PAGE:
Tuesday, July 22, 2014
A Bucket of Nasty Worms
Remember that rescue/cut out I did on a hive of bees back in, was it March I think? I got two five gallon buckets of old and new comb out of that old tree and a full five gallon bucket of bees. I put them in a new hive and took much of the comb, especially the part with brood, and rubber banded it into open frames. The hive is doing well I might add but the bees that were left behind raised a new queen and are doing well too.
Anyway I put the comb out for the bees to rob on warm days and after a few days I collected it back up into the five gallon buckets and froze each one until it got hot enough to render it down in my solar wax melter.
Ya'll might remember the post I did about it over a month or so ago?
All was going well and I re-filled my little crock pot of wax and made a couple of nice wax rounds for later use as well and then we started getting rain followed by the polar vortex-thingy and I couldn't melt anymore comb.
I should have put this last half bucket or so of remaining comb back into the freezer but once I had started harvesting some honey I no longer had room for the bucket and the wet frames I was freezing. I popped the lid on it and thought that would be enough.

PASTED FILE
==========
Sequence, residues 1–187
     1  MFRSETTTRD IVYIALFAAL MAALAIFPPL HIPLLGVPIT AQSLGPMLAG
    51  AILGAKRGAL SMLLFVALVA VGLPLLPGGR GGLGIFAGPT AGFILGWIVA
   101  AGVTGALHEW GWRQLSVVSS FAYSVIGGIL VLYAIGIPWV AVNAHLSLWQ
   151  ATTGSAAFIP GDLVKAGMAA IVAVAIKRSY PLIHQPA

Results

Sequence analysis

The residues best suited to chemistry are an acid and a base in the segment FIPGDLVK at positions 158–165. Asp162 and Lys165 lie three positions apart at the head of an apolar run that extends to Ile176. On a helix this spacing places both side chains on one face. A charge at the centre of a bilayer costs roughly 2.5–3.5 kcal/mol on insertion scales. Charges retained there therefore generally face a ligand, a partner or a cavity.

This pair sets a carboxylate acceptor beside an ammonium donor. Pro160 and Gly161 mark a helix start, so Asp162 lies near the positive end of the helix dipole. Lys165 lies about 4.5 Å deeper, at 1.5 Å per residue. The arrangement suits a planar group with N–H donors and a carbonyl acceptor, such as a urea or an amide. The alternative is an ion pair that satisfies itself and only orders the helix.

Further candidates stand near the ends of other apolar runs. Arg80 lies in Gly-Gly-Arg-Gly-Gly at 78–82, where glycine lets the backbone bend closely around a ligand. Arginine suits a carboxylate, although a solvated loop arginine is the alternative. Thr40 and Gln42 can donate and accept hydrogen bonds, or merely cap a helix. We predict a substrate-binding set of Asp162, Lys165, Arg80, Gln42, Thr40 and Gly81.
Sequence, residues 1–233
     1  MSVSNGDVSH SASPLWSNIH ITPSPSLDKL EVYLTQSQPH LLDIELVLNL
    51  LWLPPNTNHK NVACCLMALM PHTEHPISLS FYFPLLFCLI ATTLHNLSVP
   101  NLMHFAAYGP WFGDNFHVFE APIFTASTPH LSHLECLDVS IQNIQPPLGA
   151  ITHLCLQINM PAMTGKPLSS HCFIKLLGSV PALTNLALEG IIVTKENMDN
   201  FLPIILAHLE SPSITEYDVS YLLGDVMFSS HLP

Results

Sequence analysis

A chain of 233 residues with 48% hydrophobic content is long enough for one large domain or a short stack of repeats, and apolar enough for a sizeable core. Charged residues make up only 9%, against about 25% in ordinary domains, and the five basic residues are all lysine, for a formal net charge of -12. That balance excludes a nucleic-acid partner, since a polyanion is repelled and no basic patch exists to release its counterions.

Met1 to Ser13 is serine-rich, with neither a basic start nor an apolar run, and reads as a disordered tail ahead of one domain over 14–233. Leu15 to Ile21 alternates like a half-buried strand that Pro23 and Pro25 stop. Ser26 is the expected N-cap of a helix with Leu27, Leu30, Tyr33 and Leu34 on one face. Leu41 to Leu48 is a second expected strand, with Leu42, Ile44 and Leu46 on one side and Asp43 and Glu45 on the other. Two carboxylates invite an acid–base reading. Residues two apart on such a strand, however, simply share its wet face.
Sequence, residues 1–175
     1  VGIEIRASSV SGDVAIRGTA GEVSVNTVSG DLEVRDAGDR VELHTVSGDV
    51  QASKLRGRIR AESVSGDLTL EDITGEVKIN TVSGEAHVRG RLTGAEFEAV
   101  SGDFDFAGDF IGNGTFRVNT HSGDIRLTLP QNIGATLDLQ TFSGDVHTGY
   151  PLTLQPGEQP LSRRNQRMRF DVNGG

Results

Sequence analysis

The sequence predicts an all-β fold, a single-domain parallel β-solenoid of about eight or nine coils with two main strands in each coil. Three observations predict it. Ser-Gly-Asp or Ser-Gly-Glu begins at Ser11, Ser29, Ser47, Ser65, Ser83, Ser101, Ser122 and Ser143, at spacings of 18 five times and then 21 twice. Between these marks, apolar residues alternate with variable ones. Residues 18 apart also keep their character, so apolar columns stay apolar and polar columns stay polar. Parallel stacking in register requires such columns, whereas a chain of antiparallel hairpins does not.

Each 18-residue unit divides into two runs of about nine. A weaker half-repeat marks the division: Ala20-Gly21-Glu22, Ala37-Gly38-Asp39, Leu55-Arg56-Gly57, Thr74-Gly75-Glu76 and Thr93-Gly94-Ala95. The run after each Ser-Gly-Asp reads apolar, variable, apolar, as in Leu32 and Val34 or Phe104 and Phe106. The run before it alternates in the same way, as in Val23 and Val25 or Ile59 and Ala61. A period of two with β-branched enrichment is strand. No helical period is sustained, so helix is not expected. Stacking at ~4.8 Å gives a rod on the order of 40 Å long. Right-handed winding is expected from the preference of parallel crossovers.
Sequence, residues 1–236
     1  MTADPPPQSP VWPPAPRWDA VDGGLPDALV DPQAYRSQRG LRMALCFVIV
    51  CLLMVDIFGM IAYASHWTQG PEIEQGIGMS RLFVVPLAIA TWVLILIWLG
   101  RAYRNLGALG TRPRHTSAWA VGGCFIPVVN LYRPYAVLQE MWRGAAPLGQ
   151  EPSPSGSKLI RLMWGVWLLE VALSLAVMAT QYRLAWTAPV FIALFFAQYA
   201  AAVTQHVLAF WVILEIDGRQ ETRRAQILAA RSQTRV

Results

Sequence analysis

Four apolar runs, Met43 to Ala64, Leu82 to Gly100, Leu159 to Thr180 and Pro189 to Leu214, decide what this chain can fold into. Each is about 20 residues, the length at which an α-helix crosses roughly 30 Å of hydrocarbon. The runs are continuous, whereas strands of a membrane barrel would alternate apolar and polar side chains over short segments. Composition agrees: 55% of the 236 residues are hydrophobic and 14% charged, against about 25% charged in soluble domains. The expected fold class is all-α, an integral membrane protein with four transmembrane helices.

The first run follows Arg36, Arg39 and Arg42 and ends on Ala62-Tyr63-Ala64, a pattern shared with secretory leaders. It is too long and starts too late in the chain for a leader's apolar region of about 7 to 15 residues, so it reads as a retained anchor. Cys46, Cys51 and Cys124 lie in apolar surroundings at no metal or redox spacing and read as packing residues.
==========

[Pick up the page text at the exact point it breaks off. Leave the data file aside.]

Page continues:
As you can see I was wrong. I guess I didn't get the lid on as tight as I thought or something because somehow those thrice damned wax moths got in there and when I opened the bucket last night I was greeted with the sight you see above. Only much worse because it had nasty long white wax worms everywhere inside. All that spider web looking stuff is the waste from their feeding.
One thing Wax worms hate is heat though so the reason you are not seeing many in this picture is because I left this bucket out in the full sun with the top on today to cook the bastards.
I am not sure I will be able to salvage either the remaining comb or even the bucket but we will see.
You can see this is one reason you do not want to put too much space on a hive in the form of extra supers or drawn comb because anything they don't guard will become a wax moth breeding ground and eventually force the bees to abscond.
I check the panels under my screened bottom boards weekly to see if I can detect any pests that maybe attacking the hive. Setting a hive in full sunlight will usually help the bees eliminate the wax moth threat because as I said they do not like the heat very much. The moths will typically sneak into the hives at night and try and lay their eggs in the bottom or center part of the hives where it is cooler.
Wax Moths are spawn of the Devil...
Keep Prepping Everyone!!!!